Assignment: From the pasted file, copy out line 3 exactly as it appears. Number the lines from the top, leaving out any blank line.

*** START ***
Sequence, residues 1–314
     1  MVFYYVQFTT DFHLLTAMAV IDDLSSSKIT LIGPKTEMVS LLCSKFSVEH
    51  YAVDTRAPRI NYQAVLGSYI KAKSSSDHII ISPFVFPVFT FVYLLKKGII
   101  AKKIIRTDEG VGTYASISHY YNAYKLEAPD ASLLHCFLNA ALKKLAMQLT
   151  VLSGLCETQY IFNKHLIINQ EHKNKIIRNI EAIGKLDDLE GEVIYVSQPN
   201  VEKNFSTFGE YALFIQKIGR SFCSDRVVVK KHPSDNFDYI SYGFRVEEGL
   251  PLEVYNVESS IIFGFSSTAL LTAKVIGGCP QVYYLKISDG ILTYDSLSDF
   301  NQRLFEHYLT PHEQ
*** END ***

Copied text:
    51  YAVDTRAPRI NYQAVLGSYI KAKSSSDHII ISPFVFPVFT FVYLLKKGII